As the country digs itself out from one of its biggest snowstorms, Moment digs in to discover the comfort food people turn to when the going gets rough: Chicken Soup.
Although Egyptians originally developed chicken husbandry, the animal was largely absent from the Middle East until the Romans reintroduced it centuries later. Poultry made sense for both desert and urban cultivation, given the birds’ catholic food tastes, their minimal need for grazing and living space and their tolerance of hot weather. In Rome’s colonies, “Jews ate them more than gentiles, who also ate pork in large quantities,” says Ken Ovitz, culinary historian and author of The Israel Seder Haggadah.
After the fall of Rome, chicken remained central to the diet of Eastern Jewry but dropped off the European Jewish menu for a few hundred years. Chicken soup “first came to prominence in Ashkenazic circles after the revival of chicken raising in Europe in the 15th century,” says Gil Marks, author of The Encyclopedia of Jewish Food. In a nostalgic account of his Polish-Ukrainian shtetl Podhaitse, Alexander Kimel recalls that “food was cheap…a sack of potatoes was 75 groshen and a live chicken cost 75 groshen.” Wealth in the Old Country was measured by how often a man could afford a chicken for Shabbat.
Eastern Europeans are not the only connoisseurs of chicken and its soupy golden broth. Mimi Sheraton writes in her book, The Whole World Loves Chicken Soup, about its many geographic variations. While Eastern Europeans threw in egg noodles, root vegetables and matzo balls, Colombians incorporated capers, avocado and sweet corn. Moving East, traditional Korean chicken soup combined dried jujube fruit, ginger, garlic and glutinous rice with chicken stock, while evaporated milk is added to Filipino chicken soup for richness of flavor.
As for its medicinal properties, chicken soup was already touted as a curative in the writings of the 11th-century Persian physician Avicenna, and the 12th-century Jewish scholar and physician Moses Maimonides. Soup made from fowl, wrote the Rambam in his Medical Responsa, “has virtue in rectifying corrupted humours,” and is especially effective for convalescence, emergent leprosy and asthma. He even offered some (fairly obvious) cooking tips—advising, for example, against using a scrawny bird. By 1500, chicken soup with noodles emerged not only as the first course for Friday evening Ashkenazic dinner, according to Marks, but “a tasty way of dealing with colds.”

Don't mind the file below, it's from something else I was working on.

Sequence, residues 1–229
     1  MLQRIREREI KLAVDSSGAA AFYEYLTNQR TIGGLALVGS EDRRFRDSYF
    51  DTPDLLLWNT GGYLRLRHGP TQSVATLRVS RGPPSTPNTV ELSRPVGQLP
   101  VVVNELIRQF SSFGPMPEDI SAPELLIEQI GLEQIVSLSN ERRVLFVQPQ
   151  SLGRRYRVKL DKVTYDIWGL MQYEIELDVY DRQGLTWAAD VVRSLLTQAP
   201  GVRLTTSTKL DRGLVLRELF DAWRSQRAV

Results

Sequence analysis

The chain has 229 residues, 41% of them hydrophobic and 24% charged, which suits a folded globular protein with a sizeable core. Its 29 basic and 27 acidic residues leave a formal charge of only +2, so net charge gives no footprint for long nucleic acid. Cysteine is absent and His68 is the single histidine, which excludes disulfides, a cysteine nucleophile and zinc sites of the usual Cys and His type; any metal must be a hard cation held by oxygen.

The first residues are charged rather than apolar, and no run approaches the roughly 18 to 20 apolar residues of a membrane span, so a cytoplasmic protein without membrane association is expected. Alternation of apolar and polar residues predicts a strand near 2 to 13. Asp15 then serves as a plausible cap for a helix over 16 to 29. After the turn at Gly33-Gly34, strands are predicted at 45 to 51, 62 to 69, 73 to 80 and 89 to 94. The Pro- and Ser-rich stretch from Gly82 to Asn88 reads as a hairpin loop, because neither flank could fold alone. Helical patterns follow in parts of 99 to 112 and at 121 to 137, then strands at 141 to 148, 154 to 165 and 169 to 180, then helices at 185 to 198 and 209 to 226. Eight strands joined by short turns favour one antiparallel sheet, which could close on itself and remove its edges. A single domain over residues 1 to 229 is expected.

Curious to see if the soup was truly a universal panacea, modern scientists recently conducted a study, published in the medical journal Chest. They found that compared to cold water and hot water, chicken soup was more helpful in battling colds. Chicken broth, it turns out, contains an amino acid that thins mucus and unclogs stuffy noses. Other studies have shown that chicken soup acts as an anti-inflammatory providing some sinus relief.
No double-blind trial has tested the effectiveness of the so-called “Jewish penicillin.” “However, we feel that sufficient observational and anecdotal evidence has accumulated over the centuries to make the requirement for such a trial superfluous,” write Doctors Abraham Ohry and Jenni Tsafrir of Tel Aviv University’s Sackler School of Medicine. Their 1999 letter to the journal of the Canadian Medical Association contends, not entirely facetiously, that chicken soup meets World Health Organization criteria for classification as an “essential drug,” based on 2,000 years of “evidence-based” results.
The elixir may never undergo a randomized clinical trial, they argue, not only because it would be too difficult for scientists to settle on a definitive recipe but chiefly because “depriving the control group of chicken soup would, in our opinion, be unethical.” As to adverse effects, the physicians conclude, “while you might choke on a chicken bone, the anecdotal evidence advocating the benefits of chicken soup far outweighs that describing its shortcomings.”
—Adapted from the Moment article by Mandy Katz